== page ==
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As per Foreclosure.com, the nation's largest provider of data of homes in financial distress, reports that 31,043 Illinois homes are currently in pre-foreclosure status as 23,486 household are already actively involved in the process. In addition, 34,975 bankruptcies have also been recorded during the first quarter of 2015.

With each number representative of an individual or family engrossed in various levels of financial distress, no doubt stress levels may be running high with the need for consulting with an experienced Illinois foreclosure or bankruptcy attorney on the rise.

If you are one of the 23,486 Illinois residents in pre-foreclosure status, the need for an experienced attorney is key as questions about rectifying your situation require qualified answers.


Purchasing your first home can be exhilarating, a bit frightening and, at times, overwhelming. Buying a home is often rated as the most important financial decision of your adult life, and being fiscally responsible should be your number one priority.

Often, first time home buyers will fall in love with a house that may put them at risk for financial troubles, including foreclosure down the proverbial road. To avoid the pitfalls of trying to get out from under upside down mortgages, or when the collateral that secured the loan is now lower in value than the balance owed to the lender, takes careful planning. By calculating your income, assets, liabilities and possible property taxes and insurance, you will avoid possible financial distress or even personal bankruptcy in the event of a life change or disability. Consider having a financial cushion on hand to cover any unexpected financial disturbances before signing on the dotted line.

Before beginning your search for the perfect home, the following strategies will provide you with a better estimation of where your finances can take you.


As Chapter 20 bankruptcy rulings are rounding the circuit court system and gaining momentum, there is one instance where the application of lien stripping second or third property liens may be hitting a snag.

Recently, the U.S. Court of Appeals, Eleventh Circuit concluded that if a Chapter 13 bankruptcy case is filed within four years of a Chapter 7 bankruptcy case, the Chapter 13 would wipe out second and third junior mortgages as unsecured debt, eliminating the requirements of repayment via a Chapter 20 bankruptcy ruling.

This is welcomed news to those facing financial hardship and possible foreclosure of their homes due to upside down mortgages. Who is entitled to take advantage of this new bankruptcy option poses another issue, especially for married couples seeking financial relief.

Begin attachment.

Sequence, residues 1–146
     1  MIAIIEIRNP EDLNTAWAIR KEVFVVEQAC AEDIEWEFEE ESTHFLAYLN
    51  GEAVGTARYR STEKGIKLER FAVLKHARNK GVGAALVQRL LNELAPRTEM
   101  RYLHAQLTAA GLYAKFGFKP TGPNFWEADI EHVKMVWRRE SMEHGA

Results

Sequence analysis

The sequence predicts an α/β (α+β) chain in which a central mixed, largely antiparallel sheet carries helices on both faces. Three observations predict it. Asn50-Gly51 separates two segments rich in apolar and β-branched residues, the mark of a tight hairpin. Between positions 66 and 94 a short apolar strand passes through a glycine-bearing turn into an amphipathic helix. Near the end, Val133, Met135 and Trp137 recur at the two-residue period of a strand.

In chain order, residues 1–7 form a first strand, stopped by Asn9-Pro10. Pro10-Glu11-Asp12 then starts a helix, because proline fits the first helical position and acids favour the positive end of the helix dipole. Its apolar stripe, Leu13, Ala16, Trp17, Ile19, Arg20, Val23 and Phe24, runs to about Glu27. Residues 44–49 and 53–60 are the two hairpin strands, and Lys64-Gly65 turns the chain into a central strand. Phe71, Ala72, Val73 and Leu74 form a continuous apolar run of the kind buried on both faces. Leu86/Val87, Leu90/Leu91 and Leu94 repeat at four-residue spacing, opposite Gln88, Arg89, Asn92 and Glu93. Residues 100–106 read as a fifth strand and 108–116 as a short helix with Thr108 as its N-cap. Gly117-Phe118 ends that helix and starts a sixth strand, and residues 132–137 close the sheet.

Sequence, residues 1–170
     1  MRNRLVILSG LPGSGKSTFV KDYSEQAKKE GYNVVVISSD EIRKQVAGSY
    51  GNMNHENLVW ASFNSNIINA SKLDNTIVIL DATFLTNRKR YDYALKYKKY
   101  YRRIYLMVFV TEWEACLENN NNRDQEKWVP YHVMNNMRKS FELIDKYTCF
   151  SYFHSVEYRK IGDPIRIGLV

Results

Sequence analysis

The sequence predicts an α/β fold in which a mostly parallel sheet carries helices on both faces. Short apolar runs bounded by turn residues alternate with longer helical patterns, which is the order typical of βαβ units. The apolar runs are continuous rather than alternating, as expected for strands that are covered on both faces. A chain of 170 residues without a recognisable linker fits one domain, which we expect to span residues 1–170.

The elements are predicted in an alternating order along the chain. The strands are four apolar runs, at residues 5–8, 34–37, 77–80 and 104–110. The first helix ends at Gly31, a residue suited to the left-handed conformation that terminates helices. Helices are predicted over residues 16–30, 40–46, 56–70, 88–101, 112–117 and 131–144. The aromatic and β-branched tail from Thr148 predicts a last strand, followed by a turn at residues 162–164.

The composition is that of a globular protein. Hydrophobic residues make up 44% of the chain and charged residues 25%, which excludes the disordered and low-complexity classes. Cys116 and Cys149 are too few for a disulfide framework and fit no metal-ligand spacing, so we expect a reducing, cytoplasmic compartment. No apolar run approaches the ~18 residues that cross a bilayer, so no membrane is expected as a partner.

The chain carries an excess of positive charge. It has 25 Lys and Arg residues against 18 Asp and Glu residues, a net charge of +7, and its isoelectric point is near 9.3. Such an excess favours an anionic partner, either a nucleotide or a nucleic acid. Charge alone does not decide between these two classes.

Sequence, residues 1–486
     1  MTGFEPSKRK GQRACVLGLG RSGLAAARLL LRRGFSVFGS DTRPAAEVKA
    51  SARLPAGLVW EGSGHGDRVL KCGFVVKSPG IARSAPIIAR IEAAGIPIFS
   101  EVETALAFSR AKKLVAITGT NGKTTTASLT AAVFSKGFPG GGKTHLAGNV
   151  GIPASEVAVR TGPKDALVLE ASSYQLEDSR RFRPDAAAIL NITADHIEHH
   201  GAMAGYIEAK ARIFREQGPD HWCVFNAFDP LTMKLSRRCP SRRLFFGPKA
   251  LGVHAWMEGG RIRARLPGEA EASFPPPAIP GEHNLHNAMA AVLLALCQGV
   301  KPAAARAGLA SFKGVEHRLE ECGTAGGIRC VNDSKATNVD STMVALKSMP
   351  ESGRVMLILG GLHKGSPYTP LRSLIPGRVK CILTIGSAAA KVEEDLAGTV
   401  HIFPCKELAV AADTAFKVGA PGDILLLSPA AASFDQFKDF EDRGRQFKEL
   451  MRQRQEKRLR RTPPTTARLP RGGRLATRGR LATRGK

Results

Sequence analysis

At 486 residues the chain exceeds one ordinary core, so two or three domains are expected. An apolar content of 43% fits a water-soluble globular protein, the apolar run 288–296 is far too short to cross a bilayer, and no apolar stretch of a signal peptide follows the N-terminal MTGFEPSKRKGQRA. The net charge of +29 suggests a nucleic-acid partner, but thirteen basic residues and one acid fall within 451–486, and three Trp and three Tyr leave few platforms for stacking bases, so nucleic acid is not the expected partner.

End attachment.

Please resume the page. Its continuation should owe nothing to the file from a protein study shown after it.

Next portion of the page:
You have reached your breaking point. You are in over your head and have decided that filing for bankruptcy may be your only recourse. It has come down to the wire. You can no longer successfully handle your growing debt and need relief.

Your best option is to contact an experienced bankruptcy attorney in your area but until your scheduled consultation, the following information may provide you a headstart.

If you reside in the state of Illinois, under the Bankruptcy Abuse Prevention and Consumer Protection Act (BAPCPA), you will need to pass a Means Test to determine income eligibility if you are seeking any type of bankruptcy relief. It is in your best interest to discuss all options with a qualified Illinois bankruptcy attorney.


Stressing over mounting debt and other financial issues could actually cause your intelligence level to drop. According to a combined study done by several top universities, worrying over money can reduce your IQ score by up to 13 points.

The study team was made up of researchers from Harvard, Princeton and the University of Warwick, located in Britain. They concluded that when people are spending so much time stressing about money, it uses up a good portion of what they refer to as “mental bandwidth” and that leaves little time to focus on anything else.

Researchers used two different groups for their study. The first group was shoppers at a New Jersey mall, made up of both low and middle class. The group was given a series of tests which measured impulse control and IQ. In order to trigger the stress process of the brain, before the testing, researchers had discussions with half of the group about how they would handle it if their vehicle broke down and the cost of the repairs were $1,500. That group performed much poorer on the tests than the other half of the group.

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